Once upon a time there lived two peasants on a homestead called Vaderas, just as there are two peasants living on it now. In those days the roads were good, and the women were in the habit of riding when they wanted to go to church.
One Christmas the two women agreed that they would ride to Christmas night mass, and whichever one of them woke up at the right time was to call the other, for in those days there was no such thing as a watch. It was about midnight when one of the women thought she heard a voice from the window, calling: "I am going to set out now." She got up hurriedly and dressed herself, so that she might be able to ride with the other woman; but since there was no time to eat, she took a piece of bread from the table along with her. In those times it was customary to bake the bread in the shape of a cross. It was a piece of this kind that the woman took and put in her pocket, in order to eat it underway. She rode as fast as she could, to catch up with her friend, but could not overtake her. The way led over a little stream which flows into Vidostern Lake, and across the stream was a bridge, known as the Earth Bridge, and on the bridge stood two witch trolls, busy washing. As the woman came riding across the bridge, one of the witch trolls called out to the other, "Hurry, and tear her head from her shoulders!"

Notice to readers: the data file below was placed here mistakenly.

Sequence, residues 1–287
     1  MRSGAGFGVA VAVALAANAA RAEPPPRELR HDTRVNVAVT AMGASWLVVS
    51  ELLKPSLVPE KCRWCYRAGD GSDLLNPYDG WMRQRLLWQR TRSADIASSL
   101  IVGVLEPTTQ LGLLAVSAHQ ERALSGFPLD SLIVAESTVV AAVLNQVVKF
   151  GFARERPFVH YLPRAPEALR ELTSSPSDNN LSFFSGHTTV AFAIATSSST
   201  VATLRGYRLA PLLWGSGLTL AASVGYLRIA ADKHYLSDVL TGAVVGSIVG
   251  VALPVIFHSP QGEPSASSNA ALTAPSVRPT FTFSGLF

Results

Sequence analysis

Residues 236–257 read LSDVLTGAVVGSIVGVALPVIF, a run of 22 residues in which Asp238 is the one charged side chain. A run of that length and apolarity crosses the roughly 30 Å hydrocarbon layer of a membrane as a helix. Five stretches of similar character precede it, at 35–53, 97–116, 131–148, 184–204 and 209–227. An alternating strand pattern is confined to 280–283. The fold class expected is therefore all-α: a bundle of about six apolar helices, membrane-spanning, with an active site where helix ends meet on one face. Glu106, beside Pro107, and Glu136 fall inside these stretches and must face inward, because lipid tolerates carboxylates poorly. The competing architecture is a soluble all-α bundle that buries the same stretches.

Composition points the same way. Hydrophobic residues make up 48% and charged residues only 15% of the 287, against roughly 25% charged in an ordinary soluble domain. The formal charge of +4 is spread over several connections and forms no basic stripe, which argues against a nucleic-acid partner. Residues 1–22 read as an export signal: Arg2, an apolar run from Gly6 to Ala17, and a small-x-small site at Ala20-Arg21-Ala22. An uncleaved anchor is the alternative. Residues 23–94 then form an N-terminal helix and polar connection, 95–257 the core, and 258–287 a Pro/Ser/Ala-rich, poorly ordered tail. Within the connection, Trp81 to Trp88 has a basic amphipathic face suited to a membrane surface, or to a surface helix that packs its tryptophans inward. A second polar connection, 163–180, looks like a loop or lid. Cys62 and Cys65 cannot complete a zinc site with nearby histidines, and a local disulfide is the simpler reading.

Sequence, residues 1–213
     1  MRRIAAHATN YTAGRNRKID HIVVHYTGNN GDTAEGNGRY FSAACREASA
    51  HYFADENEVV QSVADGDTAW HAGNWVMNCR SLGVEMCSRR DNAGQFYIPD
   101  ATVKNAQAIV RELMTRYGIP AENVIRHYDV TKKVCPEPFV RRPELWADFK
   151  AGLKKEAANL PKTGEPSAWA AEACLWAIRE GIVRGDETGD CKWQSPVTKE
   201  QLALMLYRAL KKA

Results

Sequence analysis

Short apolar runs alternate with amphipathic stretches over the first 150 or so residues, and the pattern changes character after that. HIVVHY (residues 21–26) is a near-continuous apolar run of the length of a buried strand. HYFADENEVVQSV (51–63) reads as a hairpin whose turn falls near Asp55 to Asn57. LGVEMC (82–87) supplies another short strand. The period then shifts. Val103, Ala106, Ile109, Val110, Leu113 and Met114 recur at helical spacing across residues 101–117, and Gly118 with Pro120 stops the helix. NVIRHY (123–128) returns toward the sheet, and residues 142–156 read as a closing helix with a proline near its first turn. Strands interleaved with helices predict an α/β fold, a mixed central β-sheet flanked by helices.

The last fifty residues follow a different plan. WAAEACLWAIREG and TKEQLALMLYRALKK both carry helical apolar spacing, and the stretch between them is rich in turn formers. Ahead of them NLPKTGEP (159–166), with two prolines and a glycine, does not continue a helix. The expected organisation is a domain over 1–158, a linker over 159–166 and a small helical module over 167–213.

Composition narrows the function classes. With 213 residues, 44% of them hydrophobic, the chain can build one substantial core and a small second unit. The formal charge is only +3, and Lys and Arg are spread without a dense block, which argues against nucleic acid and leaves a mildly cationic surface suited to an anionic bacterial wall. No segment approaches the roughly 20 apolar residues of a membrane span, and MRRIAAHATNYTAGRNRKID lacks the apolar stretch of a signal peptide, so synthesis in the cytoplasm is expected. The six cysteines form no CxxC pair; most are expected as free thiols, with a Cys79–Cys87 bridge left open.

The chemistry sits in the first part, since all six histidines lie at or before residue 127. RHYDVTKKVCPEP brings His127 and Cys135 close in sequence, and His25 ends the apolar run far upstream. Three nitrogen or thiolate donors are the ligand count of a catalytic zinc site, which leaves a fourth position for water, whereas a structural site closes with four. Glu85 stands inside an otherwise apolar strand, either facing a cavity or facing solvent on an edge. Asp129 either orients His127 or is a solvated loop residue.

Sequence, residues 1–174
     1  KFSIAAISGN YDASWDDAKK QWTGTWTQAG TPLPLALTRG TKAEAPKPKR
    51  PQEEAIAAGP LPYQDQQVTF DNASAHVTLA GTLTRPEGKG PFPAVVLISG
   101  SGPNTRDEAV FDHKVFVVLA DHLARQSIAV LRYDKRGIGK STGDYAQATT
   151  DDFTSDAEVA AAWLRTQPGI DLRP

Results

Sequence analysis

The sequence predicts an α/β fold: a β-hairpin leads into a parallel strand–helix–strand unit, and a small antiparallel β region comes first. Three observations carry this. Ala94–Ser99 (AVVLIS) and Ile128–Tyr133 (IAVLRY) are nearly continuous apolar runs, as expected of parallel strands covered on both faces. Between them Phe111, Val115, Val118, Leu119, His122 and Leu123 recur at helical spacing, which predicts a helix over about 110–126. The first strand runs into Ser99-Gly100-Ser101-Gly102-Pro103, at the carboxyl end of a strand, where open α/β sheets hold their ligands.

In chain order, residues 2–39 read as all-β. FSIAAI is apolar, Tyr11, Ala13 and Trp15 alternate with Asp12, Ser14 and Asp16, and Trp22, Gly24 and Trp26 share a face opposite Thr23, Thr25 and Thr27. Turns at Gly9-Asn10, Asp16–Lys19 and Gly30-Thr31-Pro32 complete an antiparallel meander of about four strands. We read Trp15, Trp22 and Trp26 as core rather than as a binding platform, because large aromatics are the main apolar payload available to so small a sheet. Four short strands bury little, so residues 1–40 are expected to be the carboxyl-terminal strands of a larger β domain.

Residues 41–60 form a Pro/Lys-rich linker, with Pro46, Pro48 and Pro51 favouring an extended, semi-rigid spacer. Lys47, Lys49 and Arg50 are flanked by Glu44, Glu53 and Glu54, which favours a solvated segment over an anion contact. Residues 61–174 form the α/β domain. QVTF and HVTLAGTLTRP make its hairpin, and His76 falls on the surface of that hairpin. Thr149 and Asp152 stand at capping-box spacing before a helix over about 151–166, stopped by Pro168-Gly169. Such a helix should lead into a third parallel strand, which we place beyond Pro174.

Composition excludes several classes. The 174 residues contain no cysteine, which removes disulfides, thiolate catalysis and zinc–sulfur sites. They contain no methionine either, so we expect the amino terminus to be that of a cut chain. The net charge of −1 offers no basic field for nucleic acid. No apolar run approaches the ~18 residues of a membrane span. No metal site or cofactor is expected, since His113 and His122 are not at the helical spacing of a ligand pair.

"That I cannot do" returned the other, "because she has a bit of bread in the form of a cross in her pocket."
The woman, who had been unable to catch up with her neighbor, reached the church at Hanger alone.
The church was full of lights, as was always the case when the Christmas mass was said. As quickly as ever she could the woman tied up her horse, and hurriedly entered the church. It seemed to her that the church was crowded with people; but all of them were headless, and at the altar stood the priest, in full canonicals but without a head. In her haste she did not at once see how things were; but sat down in her accustomed place. As she sat down it seemed to her that some one said: "If I had not stood godfather to you when you were christened, I would do away with you as you sit there, and now hurry and make yourself scarce, or it will be the worse for you!
The three Daughters of the King of the East, and the Son of a King in Erin
Category: Irish folktales
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